Sodium butyrate in weaning piglets’ diets aids gut health
A study showed that the addition of sodium butyrate (NaBut) in the diets of weaning piglets plays an important role in recovering the intestinal tight junctions having a positive effect on maintaining the gut integrity.
Post-weaning diarrhoea is one of the most common causes of morbidity and mortality in weaning piglets. Feeding sodium butyrate (NaBut) to weaning piglets decreased the incidence of diarrhoea, but the mechanism has not been fully elucidated.
The present study (X.Ma, et al. 2012, J.Anim.Sci) evaluated the effect of NaBut on diarrhoea in relation to wound healing of intestinal barrier using IPEC-J2 cell model. Cultured cells were scratched to induce wound and then were treated with 4mM NaBut.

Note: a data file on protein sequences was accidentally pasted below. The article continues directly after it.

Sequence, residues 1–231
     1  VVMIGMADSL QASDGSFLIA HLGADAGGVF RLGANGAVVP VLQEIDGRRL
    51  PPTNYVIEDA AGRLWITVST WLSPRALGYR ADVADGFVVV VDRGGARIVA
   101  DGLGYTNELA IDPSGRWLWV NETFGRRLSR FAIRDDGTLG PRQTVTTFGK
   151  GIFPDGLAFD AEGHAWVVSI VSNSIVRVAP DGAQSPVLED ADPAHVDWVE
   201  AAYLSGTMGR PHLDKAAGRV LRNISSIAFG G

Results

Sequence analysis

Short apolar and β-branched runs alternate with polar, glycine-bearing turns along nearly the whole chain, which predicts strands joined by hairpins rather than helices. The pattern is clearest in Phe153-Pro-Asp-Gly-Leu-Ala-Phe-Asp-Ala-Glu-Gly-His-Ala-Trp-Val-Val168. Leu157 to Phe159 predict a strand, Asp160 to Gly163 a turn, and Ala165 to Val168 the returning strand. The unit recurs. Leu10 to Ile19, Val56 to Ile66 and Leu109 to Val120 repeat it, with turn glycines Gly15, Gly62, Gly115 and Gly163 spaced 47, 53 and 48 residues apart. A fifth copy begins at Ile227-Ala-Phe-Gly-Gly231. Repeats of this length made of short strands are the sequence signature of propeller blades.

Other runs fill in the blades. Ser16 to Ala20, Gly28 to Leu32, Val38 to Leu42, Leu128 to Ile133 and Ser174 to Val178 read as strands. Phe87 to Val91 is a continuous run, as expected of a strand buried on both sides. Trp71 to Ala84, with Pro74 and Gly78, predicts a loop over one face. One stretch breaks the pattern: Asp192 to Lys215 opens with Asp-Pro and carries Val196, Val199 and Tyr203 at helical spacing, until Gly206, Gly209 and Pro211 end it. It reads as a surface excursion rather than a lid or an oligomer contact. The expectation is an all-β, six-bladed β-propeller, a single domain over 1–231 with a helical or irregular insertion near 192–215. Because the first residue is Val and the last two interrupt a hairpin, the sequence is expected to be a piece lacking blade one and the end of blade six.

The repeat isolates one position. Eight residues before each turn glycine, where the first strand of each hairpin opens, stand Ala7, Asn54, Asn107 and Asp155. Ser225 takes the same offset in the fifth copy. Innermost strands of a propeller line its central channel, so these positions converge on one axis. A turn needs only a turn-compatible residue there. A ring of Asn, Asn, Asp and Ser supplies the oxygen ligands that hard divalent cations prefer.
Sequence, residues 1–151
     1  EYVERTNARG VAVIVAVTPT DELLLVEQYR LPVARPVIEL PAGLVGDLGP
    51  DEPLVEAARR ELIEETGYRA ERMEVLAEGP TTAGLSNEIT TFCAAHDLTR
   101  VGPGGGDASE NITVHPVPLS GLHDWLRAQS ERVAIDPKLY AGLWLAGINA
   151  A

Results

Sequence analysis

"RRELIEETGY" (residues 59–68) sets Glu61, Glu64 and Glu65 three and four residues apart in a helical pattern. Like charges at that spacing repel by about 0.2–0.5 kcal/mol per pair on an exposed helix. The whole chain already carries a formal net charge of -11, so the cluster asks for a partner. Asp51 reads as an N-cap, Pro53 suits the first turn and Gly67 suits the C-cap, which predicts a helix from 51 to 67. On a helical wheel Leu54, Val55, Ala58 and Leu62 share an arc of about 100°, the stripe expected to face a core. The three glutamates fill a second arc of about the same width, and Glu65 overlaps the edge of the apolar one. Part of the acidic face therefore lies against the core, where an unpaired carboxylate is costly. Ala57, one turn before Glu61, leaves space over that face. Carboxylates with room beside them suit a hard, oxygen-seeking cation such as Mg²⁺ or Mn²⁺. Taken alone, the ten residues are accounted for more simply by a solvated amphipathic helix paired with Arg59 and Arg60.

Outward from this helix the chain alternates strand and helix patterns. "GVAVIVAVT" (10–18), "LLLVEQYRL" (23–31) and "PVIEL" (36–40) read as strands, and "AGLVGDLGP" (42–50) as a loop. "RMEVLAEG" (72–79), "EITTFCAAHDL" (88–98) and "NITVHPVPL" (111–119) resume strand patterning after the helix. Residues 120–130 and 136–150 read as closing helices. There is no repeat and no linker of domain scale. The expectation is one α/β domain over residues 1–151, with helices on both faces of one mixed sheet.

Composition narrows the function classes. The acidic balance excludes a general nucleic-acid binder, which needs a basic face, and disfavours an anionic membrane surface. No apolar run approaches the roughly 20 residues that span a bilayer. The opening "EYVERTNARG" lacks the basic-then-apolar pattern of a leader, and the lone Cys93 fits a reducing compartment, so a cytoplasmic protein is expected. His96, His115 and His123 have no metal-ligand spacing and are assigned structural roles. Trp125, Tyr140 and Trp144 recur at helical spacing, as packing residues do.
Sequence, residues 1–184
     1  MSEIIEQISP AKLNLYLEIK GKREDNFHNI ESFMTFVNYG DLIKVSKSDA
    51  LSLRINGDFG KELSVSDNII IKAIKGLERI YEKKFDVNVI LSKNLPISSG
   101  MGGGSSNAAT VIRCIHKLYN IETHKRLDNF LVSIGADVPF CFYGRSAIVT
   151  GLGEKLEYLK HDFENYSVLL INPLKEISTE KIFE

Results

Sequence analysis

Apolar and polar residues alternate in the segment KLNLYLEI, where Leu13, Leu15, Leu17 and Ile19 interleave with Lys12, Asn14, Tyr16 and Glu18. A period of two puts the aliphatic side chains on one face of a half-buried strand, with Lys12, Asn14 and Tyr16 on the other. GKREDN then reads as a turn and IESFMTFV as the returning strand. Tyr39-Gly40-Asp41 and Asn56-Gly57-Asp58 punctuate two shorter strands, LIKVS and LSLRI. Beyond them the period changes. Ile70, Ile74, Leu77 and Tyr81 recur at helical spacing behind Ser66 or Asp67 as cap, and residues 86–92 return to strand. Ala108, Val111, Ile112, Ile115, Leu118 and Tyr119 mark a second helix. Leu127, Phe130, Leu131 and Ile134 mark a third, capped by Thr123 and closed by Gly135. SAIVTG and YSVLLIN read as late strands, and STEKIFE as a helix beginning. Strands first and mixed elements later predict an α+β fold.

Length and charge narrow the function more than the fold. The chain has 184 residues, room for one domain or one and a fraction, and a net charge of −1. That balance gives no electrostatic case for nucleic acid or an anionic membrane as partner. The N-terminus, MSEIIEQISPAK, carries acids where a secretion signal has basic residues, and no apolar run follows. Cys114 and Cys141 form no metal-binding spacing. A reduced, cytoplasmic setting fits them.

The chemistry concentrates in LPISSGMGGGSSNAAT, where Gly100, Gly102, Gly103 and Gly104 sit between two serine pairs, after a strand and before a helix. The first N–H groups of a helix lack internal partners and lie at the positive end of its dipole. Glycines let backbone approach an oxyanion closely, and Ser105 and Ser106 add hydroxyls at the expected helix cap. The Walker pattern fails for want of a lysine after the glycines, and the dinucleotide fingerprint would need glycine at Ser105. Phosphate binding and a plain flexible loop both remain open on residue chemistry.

The results showed that supplementation of the cells with NaBut significantly promoted the process of wound healing, indicating the protective effects of butyrate on the intestinal mucosa. Butyrate treatment enhanced mRNA expression of the intestinal mucosal tight junction (p<0.05), which suggested that the promotion of wound healing by butyrate is related to the maintenance of the function of the intestinal barrier.>
In addition, in the butyrate-treated group, intestinal total superoxide dismutase and glutathione peroxidase (p<0.05), two of the main antioxidant enzymes, as well as glutathione (p><0.05), one of the nonenzymatic antioxidant components, were enhanced whereas the malondialdehyde level, a marker of free radical mediated lipid peroxidation injury, was decreased (p><0.05) compared with the control group.>
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